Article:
For the ten-ish years I was a vegetarian, I tortured my parents endlessly with every meat analog in existence. Faux bacon? But of course. Marginally tasty bean burger? To be sure. Texturized vegetable protein? Barely – even I, as a vegetarian, could hardly stomach that atrocity. In the years since I found my way back to raging carnivore status, a plethora of vegetarian and vegan options has flooded the market. To be honest, some of them are even good, like Veganaise (which I love), Daiya cheese (not bad) or the Ranchero Salad from Green (with my favorite BBQ wings in town, and they aren’t even real meat!).
While meat-free options are everywhere now (you can buy Gardein at Target), there hasn’t been anything that looks like a real burger. The sizzle, smell, taste or, let’s just be frank, the look of the pinkish middle of a properly bloody piece of beef has been ignored in favor of a passable patty. But not anymore.
Impossible Foods is a Silicon Valley start-up that spent five years trying to perfect faux beef – not just the taste and smell, but the visceral look and feel of real ground beef. As a former vegetarian and currently committed carnivore, I feel qualified to say: they did it, and it’s amazing. Like, let me eat it again and again while I buy stock in Impossible Foods. And surprisingly, ounce for ounce, its nutritional content is nearly identical to that of 80/20 ground beef (i.e., three ounces has 220 calories, 13 grams of fat, 20 grams of protein and an eye-popping 1,360% of your RDA of thiamin).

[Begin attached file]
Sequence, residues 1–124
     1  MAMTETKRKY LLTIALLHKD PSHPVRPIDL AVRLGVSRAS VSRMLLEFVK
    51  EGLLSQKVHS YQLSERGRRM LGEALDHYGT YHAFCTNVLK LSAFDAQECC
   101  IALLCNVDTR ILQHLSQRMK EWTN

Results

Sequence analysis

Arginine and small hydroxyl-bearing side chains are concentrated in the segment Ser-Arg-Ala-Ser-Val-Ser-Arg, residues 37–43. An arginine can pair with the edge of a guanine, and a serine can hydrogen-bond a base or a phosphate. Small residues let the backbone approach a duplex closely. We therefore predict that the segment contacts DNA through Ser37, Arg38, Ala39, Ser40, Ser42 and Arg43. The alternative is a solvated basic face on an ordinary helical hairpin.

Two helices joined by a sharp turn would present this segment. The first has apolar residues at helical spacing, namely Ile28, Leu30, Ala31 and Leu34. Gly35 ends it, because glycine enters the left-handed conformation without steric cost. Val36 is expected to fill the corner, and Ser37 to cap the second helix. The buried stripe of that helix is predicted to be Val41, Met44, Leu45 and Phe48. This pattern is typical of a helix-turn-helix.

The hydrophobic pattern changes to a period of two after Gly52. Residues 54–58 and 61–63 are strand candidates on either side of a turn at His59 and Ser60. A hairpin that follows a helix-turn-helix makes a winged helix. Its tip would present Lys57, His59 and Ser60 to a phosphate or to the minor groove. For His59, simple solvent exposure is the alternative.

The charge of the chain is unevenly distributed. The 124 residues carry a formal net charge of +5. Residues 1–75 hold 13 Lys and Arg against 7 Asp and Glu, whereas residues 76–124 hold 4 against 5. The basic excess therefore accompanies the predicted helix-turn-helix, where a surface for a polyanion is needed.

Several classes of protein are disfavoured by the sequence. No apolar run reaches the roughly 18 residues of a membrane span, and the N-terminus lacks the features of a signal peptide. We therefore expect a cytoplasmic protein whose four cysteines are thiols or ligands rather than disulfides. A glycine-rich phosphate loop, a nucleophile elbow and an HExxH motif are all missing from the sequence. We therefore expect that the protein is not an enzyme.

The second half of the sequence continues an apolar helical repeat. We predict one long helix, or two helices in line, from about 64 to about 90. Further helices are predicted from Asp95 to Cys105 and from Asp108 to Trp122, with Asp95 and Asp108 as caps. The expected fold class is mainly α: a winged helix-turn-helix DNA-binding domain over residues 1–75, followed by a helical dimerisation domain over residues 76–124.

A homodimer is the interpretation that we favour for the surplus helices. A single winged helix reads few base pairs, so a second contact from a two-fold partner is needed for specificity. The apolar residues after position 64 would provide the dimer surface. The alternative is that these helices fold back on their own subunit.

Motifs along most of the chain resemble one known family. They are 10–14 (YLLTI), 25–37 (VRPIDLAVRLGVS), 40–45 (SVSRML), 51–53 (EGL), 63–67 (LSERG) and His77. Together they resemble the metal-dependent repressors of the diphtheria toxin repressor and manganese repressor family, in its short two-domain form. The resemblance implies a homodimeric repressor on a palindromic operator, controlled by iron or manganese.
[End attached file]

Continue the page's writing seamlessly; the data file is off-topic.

I remember reading about Impossible Foods several years ago. If memory serves, they were moderately successful with their early efforts, but the product came in at around 200 bucks a pound. That just reeked of Bay Area bougie to me, and I figured it would be, oh, never before it showed up in the Valley of the Sun. But after a recent visit from a friend, I discovered there are actually four places in town where you can get it (check Impossible Foods’ website, which is updated daily). Today there were two outposts of HopDoddy and two of the Counter. I did my taste testing at the Counter on Central and Adams.
While the price has dropped, still expect to pay top dollar. At the Counter, the Impossible Burger is a $5.50 upcharge, making it $16. It’s about the same at HopDoddy, but at the Counter, the service is not fast casual, so you won’t have to get up to refill your own iced tea (that is a big deal for me with a burger that costs this much). You can substitute the Impossible Burger with any pre-fab option, or build your own. I’d advise build your own, and we will get to that.
But now, let’s cut to the chase. Does it look like a real burger? YES. It’s almost magic. The Impossible Burger has an almost identical texture and consistency to a real ground beef patty. The center stays pink (assuming it’s not cooked until it is unrecognizable), and when you press the pink center with your knife, it does bleed a little. Gross, right? BUT SO COOL. The reason is heme – this is the substance that forms the non-protein parts of hemeglobin. And hemoglobin is the iron-rich metalloprotein that brings oxygen to red blood cells of every vertebrate, so basically the stuff that makes meat smell like meat. This is why the Impossible Burger slightly crisps up on the outside like a real burger, and stays pink in the middle, and smells like meat. Note, I didn’t say hamburger. This is an important distinction – while it looks like a beef burger, the Impossible Burger tastes like a fancy-ass mix of bison or buffalo or some other bougie big-game protein mixed with beef. If you handed this $16 wonder to your hunter friend in a blind test, they’d love the burger and think the $16 price tag was because it was half antelope or something.